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I am a self-taught individual trader with more than ten years of trading experience. During last two years I concentrated my trading efforts mostly on US equity and currency futures using a combination of macroeconomic analysis and price action (aka "tape reading"). I am a finance director... More
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  • Are we going to crash? 2 comments
    May 2, 2010 3:41 PM | about stocks: SPY, QQQ

    If you read interview with Paul Tudor Jones in Market Wizards by Jack Schwager, you may remember that Paul predicted and handsomely profited from 1987 crash by using what he called an "analog" model, which was simply a comparison of 1987 chart pattern leading to the crash with a chart pattern of 1929.  This begs a question - do analog models work?  Can a trader extract consistent profits from the markets by simply data mining chart patterns?

    My personal view is that consistently relying on data mining of the chart patterns will not produce any meaningful results due to spurious correlation.  However, there are isolated periods in history when price patterns did look unbelievably similar.  Just take a look at long-term charts of boom and bust of Nikkei (before and after 1989), Nasdaq (before and after 2000) and Gold (before and after 1981).  I believe that a key to differentiating between spurious correlation and real historical similarities is the analysis of the underlying macro economic conditions.  In most manias increase in asset prices were justified by rapidly improving fundamentals in the initial stages, and accelerated rise in prices in light of deteriorating fundamentals in later stages of the bubble, that inevitably lead to crash.  In later stages of the bubbles prices are normally driven by the unsustainable feedback loop when fundamentals are ignored and the only justification of higher prices are the rising prices.  In addition, this feedback loop is reinforced by excess media attention to rising prices that brings new money (energy) from naive investors who did not participate in the initial stages of the rise and now feel left behind.  The later stages of the manias and mini-manias can be identified by interesting price patters, when markets rise in a straight - line fashion with practically no pullbacks.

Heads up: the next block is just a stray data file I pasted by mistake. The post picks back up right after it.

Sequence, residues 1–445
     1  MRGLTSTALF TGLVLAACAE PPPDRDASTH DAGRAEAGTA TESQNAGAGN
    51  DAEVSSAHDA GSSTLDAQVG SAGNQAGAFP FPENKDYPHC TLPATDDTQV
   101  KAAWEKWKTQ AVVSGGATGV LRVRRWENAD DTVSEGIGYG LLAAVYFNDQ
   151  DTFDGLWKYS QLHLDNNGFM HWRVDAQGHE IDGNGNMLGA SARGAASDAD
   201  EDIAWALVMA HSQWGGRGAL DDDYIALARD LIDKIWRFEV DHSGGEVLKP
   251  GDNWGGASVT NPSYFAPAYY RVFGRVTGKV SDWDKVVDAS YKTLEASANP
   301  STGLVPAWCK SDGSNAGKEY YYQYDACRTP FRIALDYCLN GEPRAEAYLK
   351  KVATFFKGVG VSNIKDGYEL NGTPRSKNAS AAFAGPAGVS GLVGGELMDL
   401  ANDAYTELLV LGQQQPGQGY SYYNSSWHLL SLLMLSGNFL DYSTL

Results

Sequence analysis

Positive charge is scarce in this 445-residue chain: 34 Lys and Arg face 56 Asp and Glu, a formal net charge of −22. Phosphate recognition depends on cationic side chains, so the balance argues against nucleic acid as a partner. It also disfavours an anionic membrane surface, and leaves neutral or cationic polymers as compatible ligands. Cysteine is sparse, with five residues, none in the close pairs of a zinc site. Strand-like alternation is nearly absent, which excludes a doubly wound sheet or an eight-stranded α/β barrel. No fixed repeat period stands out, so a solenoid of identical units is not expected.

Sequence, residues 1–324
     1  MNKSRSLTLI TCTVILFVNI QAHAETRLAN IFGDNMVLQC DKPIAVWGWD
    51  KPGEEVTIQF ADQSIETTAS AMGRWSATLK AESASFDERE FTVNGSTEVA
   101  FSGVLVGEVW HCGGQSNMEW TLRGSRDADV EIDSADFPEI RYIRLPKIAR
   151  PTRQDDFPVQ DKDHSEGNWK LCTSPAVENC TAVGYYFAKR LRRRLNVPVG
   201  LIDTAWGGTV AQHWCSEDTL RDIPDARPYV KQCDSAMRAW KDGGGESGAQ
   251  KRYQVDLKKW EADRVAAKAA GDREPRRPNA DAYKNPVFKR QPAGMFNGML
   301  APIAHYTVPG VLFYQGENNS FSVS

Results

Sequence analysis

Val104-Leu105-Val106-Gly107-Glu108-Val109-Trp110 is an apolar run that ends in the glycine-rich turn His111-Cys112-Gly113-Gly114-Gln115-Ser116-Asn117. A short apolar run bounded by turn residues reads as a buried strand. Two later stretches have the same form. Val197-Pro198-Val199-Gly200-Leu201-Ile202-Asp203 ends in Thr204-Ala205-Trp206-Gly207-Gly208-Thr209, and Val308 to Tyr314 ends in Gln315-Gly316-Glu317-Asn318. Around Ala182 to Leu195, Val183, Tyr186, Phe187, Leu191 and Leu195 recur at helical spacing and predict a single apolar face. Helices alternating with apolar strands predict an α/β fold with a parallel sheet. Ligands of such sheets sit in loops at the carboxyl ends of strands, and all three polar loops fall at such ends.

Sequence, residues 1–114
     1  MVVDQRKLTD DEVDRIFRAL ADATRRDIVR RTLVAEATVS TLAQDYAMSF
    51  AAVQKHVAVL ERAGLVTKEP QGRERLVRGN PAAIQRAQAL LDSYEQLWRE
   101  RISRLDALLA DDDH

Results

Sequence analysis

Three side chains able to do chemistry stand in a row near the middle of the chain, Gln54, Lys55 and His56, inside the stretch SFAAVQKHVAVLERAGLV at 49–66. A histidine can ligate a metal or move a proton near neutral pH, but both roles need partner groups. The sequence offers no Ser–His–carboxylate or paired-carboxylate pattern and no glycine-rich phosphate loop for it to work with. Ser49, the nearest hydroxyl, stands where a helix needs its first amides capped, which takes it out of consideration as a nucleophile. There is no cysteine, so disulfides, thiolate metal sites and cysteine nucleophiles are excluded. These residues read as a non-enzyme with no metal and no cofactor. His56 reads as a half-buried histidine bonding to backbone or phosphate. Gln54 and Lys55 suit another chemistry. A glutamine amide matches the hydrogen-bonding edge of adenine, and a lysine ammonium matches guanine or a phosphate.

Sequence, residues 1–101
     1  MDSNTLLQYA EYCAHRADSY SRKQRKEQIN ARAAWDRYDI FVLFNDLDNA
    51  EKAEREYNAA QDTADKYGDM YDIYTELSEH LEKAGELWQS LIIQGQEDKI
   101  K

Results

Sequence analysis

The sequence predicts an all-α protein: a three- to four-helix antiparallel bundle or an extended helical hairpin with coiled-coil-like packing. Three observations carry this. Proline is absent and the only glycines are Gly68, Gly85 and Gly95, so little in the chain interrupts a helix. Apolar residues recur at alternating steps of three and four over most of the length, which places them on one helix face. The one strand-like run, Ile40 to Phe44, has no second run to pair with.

Looking at the current situation, I believe we are going through the last stages (and most likely already entered a correction) of the mini-mania in US equity markets, and are at a danger of a sharp correction in the upcoming weeks.  If I were to use an analog model for the current market rise, I think 2007 top provides the best similarity from the price pattern point of view.  Let's examine Nasdaq 100 chart pattern of 2007 leading to a sharp correction and then multi-year decline.   The last leg of the bull run that started in mid August of 2007 was more or less in a straight line fashion with no meaningful multi-day pullbacks.  The rise lasted for 53 days and exceeded prior high by ~ 8.7% - see chart below.
    The current picture of Nasdaq 100 price action looks somewhat similar - the duration from the low point in the beginning of February until the high point of 2,060 was 54 days and the index exceeded the prior high by ~ 8.4% - see chart below.

    On the macroeconomic level I see the following similarities:
    • In 2007 market was rising despite of the fact that mortgage crisis was already unfolding
    • Currently, markets are rising in face of the clear signs of unfolding sovereign debt crisis and possibly severe currency crisis, that will take years to work through
    • In 2007 liquidity started leaving the system as the banking sector was getting squeezed by the deteriorating mortgage loans
    • Currently, liquidity is leaving the system as well as Fed already shut down all emergency lending programs and is probably months away from announcing the intention to raise Fed funds rates.
    Take this unscientific, price action based, non quantified "analysis" with a grain of salt, but I think there is a decent chance of a sharp break in the equity markets in the upcoming weeks.  
    Good Luck!
    - MS

    Disclosure: None
    Stocks: SPY, QQQ
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  • microcaptrader
    , contributor
    Comments (58) | Send Message
    I've never put much faith in TA and/or chart reading, but you've pointed out a very interesting observation and one definitely worthy of consideration.
    2 May 2010, 06:07 PM Reply Like
  • microcaptrader
    , contributor
    Comments (58) | Send Message
    ...and history once again mimics itself!
    6 May 2010, 02:52 PM Reply Like
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